7 Rookie Mistakes to Avoid When Visiting the Thai Islands

Beach at the Four Seasons Resort Koh Samui Thailand Beach at the Four Seasons Resort Koh Samui Thailand/Oyster

Covering more than 1,400 islands between the Gulf of Thailand and Andaman Sea, the Thai islands are a one-of-a-kind destination. These islands’ pristine beaches, shimmering sea, and remarkable limestone cliffs haven’t gone unnoticed by the travel community. Despite their popularity, many first-time visitors still fall prey to the same mistakes. To make the most of your trip, read on for seven rookies mistakes to avoid on your Thai island vacation.

1. Only Packing Beachwear for the Thai Islands

Thailand’s islands are gifted with some of the finest white-sand beaches, so it’s natural to pack plenty of swimsuits. That being said, Thai culture is more conservative when it comes to nudity and dress, so it’s advisable to slip on shorts over a bikini and throw on a t-shirt (at minimum) when venturing off the beach into town, especially at locally-run restaurants and markets. Although this is less necessary at well-trafficked and party-oriented islands like Phuket, it’s worth packing some tops and pants or skirts to cover your shoulders and knees, respectively. This same wardrobe will come in handy if you plan on visiting any temples in Thailand as well.

2. Assuming the Thai Islands Don’t Have Seasonal Weather Changes

While Thailand’s islands enjoy a tropical climate, that doesn’t translate into year-round sunshine. April is one of Thailand’s hottest and driest months, with temperatures exceeding 100 degrees Fahrenheit in the country’s interior. Meanwhile, the Andaman and Gulf of Thailand coasts see comparatively cooler temperatures, but have increasingly frequent rain showers during April. The official monsoon season runs from May through October, bringing more regular rainfall and overcast weather. This is considered low season for tourism. Coupled with less dependable weather, this means that ferry connections between the islands are more infrequent and susceptible to delays. On the flip side, hotel prices can drop considerably during the low season; Also, rainfall often comes in the afternoon, graciously breaking the midday heat.

3. Not Booking Ahead During Both New Year Holidays in Thailand

Thailand technically experiences two New Year holidays, creating two peak times for tourism. With consistently sunny weather, as well as an array of beacsh parties and revelry, the Thai islands are popular during December and January for international New Year. Thailand’s New Year holiday, known as Songkran, takes place during three days in mid-April. However, festivities usually extend well beyond this time, as many locals travel long distances to be with family. This includes hotel and tourism-based workers on Thai islands, who are often from elsewhere in the country. Therefore, if you’re visiting during either of these periods, it’s wise to secure transportation and accommodations ahead of time to avoid being stranded or stuck at a second-rate hotel.

4. Overindulging in Parties on the Thai Islands

Full-moon parties have become synonymous with the Thai islands. And while there are many laid-back islands, like Koh Kood and Koh Mak, full-moon parties have expanded well beyond Koh Phangan, where the celebrations originated in 1983. Additionally, opportunistic bar owners and promoters have capitalized on the concept with half-moon and quarter-moon shindigs, meaning that there’s virtually always a party happening somewhere on islands of Koh Phangan, Samui, Phuket, and Phi Phi. There’s no harm in indulging in the nightlife offered on the Thai islands, but it would be a shame to let partying (and the subsequent hangover) prevent you from experiencing all that these remarkable places have to offer. For starters, there are ample snorkeling and diving opportunities, especially off Koh Tao at the HTMS Sattakut wreckage and the reefs at Chumphon Pinnacle. Other outdoor pursuits include jungle zip lines, beachside yoga, and kitesurfing.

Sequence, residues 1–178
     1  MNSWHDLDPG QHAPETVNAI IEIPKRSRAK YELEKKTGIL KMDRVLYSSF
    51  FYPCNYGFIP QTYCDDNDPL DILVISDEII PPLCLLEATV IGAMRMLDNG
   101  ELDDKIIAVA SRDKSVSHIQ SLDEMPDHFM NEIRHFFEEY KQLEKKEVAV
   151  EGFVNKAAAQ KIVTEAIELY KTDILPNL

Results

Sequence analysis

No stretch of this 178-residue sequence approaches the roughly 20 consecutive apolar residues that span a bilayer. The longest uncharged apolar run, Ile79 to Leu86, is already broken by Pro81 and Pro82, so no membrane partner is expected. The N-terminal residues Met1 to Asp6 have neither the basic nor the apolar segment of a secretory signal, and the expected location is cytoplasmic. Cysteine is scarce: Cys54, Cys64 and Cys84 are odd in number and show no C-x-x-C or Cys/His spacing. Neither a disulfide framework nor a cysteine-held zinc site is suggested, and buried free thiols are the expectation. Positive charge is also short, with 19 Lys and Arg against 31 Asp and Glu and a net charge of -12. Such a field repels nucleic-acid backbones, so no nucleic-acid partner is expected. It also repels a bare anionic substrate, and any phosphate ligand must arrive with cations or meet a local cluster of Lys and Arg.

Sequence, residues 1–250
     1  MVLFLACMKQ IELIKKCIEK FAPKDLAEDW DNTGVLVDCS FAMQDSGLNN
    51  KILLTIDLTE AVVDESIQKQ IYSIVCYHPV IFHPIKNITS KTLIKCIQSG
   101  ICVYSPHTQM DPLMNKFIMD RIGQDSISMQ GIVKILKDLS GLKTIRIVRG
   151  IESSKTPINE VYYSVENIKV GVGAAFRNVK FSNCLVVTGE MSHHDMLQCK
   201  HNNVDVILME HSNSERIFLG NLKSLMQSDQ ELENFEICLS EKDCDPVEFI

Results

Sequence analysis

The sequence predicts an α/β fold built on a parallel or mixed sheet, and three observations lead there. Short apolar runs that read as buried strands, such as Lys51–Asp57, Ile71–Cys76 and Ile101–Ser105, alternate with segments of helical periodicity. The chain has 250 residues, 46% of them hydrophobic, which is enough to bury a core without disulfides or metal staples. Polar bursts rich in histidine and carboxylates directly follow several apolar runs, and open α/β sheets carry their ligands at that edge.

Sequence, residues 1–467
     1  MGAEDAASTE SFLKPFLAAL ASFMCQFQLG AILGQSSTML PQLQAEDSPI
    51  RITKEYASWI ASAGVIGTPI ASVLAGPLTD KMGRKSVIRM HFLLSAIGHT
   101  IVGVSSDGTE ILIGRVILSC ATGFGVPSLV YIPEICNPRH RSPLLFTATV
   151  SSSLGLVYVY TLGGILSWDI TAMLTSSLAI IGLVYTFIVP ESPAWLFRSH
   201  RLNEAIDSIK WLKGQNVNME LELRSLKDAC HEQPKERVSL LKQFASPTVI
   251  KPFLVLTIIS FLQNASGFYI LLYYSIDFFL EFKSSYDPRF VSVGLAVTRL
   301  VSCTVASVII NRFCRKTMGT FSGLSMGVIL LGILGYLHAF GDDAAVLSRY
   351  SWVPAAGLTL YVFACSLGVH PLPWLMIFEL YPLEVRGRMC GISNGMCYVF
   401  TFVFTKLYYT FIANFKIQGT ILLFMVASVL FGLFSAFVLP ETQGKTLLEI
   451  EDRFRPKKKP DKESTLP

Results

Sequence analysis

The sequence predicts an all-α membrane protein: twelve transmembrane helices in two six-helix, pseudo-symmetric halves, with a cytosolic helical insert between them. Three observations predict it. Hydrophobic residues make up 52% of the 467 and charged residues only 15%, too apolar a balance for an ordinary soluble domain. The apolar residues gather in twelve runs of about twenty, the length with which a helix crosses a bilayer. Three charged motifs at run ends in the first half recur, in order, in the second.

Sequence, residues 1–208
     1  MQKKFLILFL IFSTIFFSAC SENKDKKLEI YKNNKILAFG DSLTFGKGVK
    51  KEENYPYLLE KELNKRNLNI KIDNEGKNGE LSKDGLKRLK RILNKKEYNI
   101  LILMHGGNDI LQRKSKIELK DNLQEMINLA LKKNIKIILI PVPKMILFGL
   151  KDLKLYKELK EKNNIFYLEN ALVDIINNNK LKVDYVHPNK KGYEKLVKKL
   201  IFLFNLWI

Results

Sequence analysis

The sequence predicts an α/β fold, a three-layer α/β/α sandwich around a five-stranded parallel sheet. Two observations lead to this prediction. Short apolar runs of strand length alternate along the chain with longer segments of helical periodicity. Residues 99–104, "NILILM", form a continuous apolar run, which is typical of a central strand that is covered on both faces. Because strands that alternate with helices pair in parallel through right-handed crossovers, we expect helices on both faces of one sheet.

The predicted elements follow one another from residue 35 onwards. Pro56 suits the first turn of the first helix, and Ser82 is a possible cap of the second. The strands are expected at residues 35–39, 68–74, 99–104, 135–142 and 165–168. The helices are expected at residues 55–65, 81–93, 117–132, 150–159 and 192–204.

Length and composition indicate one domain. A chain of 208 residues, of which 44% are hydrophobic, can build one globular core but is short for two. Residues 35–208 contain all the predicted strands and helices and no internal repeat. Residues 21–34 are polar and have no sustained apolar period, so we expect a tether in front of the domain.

5. Only Bringing Flip-Flops to the Thai Islands

The Thai islands are renowned for their pristine beaches and turquoise sea. However, many islands have hilly, jungle-clad interiors that make for a worthwhile departure from the stunning coastline. Although trekking the 2,000-foot peak of Khao Pom on Koh Samui isn’t the most strenuous task, it’s best to leave your flip-flops in the hotel room to have better footing on the rocky trail. Other Thai islands with superb hiking include Koh Chang and Ko Tarutao.

6. Only Eating at Western Restaurants on the Thai Islands

There’s no shame in finding comfort in foods from home, but there is no better place to sample Thai cuisine than the country itself. There is a reason Thai food is so prevalent around the world, with its aromatic flavors that awaken the senses. The Thai islands are known for cooking on the spicier side, though many restaurants are agreeable to reducing the spice, if politely requested. Furthermore, the abundance of fresh seafood makes for some delectable beachside dining. If you’re not the most adventurous eater, a popular local snack worth trying is mango dipped in chili salt.

7. Overdoing Your Thailand Itinerary

Island hopping in Thailand is an ultimate bucket-list experience for many travelers. When choosing which island or islands to visit on your trip, be mindful of the region’s slower pace, availability of ferry connections, and other local transport. If you can only spend a few days or a week, it’s probably best to stick to just one island or a cluster of islands. Basing yourself on one of Thailand’s larger islands, such as Koh Chang, provides plenty of variety and natural beauty to explore for even a lengthy stay.

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